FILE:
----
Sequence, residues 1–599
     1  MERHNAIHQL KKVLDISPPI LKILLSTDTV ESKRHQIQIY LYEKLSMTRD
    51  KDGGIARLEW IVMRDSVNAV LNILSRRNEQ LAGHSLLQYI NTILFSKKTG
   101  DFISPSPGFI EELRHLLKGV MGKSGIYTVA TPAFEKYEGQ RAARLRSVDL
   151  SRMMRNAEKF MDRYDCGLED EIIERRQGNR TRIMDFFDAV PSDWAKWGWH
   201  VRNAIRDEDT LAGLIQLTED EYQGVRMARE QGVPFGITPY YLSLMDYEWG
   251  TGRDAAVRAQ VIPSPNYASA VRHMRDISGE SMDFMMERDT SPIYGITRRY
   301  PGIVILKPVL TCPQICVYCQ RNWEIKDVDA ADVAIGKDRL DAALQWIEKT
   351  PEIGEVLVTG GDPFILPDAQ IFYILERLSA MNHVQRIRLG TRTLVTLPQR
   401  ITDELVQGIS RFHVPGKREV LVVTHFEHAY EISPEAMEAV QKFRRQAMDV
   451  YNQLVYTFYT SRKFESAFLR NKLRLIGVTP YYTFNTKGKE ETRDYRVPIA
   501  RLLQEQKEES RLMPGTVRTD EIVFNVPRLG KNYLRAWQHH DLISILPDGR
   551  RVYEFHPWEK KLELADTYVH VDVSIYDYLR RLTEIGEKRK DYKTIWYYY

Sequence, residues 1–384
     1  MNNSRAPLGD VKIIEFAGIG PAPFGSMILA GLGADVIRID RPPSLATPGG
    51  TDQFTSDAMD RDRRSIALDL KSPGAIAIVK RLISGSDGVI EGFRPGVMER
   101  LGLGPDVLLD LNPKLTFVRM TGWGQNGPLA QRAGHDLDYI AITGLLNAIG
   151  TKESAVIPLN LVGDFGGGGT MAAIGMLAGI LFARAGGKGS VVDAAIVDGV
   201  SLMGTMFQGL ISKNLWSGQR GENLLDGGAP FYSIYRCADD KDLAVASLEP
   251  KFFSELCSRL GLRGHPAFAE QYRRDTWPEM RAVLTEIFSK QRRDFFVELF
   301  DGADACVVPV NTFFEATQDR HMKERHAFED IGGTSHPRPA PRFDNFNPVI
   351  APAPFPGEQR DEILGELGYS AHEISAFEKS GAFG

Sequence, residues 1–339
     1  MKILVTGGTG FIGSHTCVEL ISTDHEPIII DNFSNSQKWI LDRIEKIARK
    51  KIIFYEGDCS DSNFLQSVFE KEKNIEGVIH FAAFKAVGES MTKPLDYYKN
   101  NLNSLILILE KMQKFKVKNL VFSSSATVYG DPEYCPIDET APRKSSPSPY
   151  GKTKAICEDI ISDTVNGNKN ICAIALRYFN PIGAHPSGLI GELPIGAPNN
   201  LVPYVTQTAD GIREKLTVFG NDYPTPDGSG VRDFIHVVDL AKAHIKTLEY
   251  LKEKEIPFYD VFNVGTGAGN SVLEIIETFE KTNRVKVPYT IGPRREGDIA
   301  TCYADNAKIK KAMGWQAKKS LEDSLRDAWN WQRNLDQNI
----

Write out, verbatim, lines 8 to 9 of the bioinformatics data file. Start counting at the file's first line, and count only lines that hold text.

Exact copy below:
   301  PGIVILKPVL TCPQICVYCQ RNWEIKDVDA ADVAIGKDRL DAALQWIEKT
   351  PEIGEVLVTG GDPFILPDAQ IFYILERLSA MNHVQRIRLG TRTLVTLPQR